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By Diane Lee, Public Information Officer, Garrett County Health Department

The Garrett County Health Department today issued its second overdose alert in 8 days after being notified of a continued increase in overdoses related to opiates in and around Garrett County.

Fentanyl is roughly 100 times more potent than heroin. It is being mixed with other drugs including heroin, cocaine, and methamphetamine to increase their potency, which also increases lethality and the likelihood of an overdose.

Signs of an opioid overdose may include constricted pinpoint pupils, a limp body in a person who does not wake up or respond to touch, low, shallow breathing, slow or faint heartbeat, and choking, gurgling or vomiting.

If witnessing an overdose, it is important to call 911, and that the individual gets immediate medical care. If a person on the scene has access to naloxone (an opioid antidote) they should administer it immediately. Maryland’s Good Samaritan Law protects a person from arrest for drug and alcohol charges if they call for help for someone else who has overdosed.

The Garrett County Health Department continues to offer naloxone (Narcan) despite the current COVID-19 restrictions. As with any other service at the health department at this time, an appointment is required to pick up naloxone.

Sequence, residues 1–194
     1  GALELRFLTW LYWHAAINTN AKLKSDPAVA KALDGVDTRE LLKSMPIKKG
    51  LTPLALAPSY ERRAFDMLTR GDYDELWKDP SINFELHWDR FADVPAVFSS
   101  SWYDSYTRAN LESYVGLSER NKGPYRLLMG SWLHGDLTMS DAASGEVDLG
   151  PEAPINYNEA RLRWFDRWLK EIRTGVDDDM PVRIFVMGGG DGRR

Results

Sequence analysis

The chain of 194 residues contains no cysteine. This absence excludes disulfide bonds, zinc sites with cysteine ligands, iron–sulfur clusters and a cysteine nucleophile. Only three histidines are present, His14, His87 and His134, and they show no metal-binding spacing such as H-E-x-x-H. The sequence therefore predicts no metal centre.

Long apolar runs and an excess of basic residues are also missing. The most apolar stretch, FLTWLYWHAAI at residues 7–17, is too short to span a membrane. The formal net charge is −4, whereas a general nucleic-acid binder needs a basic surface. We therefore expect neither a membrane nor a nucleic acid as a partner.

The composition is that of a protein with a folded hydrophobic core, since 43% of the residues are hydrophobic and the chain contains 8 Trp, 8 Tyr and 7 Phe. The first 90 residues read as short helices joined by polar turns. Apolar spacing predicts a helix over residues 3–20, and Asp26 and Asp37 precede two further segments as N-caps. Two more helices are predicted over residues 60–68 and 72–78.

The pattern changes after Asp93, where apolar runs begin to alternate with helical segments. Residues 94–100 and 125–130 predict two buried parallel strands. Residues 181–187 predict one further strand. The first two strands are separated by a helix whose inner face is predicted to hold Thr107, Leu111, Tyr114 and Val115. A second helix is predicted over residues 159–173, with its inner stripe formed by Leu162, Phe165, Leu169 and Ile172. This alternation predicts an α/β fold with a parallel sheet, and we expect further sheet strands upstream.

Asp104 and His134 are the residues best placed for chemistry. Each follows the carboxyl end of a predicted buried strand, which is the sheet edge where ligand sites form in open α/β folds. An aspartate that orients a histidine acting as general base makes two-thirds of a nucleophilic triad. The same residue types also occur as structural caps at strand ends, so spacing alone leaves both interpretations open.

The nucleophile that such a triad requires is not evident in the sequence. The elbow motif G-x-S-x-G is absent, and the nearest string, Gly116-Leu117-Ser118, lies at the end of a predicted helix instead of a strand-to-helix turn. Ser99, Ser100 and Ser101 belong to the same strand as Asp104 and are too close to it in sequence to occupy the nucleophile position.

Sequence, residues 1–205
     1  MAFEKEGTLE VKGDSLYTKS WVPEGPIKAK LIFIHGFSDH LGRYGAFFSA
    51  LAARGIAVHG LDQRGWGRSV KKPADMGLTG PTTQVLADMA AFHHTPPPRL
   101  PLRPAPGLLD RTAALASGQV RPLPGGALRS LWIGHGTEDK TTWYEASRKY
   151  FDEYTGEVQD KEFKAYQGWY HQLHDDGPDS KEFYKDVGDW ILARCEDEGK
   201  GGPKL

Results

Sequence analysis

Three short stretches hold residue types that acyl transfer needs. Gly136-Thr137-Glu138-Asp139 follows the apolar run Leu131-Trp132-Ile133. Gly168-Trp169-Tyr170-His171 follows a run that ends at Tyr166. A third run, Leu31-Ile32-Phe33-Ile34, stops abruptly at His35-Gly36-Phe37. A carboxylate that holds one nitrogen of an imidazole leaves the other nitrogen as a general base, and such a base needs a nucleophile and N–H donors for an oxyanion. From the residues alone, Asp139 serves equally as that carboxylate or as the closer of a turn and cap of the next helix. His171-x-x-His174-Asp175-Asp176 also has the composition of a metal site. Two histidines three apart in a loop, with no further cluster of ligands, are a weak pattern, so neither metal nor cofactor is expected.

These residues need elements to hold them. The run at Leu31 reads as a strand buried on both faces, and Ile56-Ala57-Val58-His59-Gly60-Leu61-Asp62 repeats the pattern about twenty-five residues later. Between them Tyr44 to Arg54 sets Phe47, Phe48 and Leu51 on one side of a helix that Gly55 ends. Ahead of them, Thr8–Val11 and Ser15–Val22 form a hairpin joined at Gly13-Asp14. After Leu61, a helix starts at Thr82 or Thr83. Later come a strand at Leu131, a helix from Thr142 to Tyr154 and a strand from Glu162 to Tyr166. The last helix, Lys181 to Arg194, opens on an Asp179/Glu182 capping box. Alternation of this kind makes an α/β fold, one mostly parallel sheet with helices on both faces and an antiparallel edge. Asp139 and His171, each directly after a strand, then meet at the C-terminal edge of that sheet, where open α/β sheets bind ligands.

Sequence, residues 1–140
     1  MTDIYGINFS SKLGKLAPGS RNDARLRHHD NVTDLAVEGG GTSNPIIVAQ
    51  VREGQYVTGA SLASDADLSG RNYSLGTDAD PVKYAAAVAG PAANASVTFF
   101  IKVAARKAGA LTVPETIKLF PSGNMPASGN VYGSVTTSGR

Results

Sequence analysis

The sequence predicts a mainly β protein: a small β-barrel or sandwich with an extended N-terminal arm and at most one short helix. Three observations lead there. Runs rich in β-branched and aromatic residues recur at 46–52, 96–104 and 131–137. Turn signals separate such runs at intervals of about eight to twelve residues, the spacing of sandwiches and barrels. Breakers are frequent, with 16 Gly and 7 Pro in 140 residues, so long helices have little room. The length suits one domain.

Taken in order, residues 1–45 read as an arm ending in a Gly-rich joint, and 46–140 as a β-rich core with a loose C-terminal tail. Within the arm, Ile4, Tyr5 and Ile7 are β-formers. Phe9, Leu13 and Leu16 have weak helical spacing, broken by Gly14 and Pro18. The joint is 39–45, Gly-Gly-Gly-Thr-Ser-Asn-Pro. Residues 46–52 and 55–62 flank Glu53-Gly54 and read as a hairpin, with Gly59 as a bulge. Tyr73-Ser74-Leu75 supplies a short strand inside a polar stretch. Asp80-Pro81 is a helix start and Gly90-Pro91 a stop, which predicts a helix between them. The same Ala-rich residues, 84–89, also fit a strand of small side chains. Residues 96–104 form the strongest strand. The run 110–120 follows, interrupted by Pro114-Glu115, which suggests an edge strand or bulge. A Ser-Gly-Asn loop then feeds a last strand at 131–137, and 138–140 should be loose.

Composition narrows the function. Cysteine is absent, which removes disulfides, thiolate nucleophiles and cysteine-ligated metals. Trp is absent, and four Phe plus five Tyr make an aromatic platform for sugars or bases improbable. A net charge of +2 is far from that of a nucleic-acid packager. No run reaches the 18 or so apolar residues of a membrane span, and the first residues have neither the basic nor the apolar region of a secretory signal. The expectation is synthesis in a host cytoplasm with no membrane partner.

The next Overdose Response Training is scheduled for Tuesday, August 11, at 5:30 in the Health Department Conference Room. Masks are required as well as social distancing measures.

To schedule an appointment to pick up naloxone, register for an upcoming class, or get information on other Overdose Response services, call the Overdose Response Program Coordinator at 301-334-7724. If you or a loved one has an addiction and are in need of treatment or just need to talk, please contact the Garrett County Center for Behavioral Health at 301-334-7670.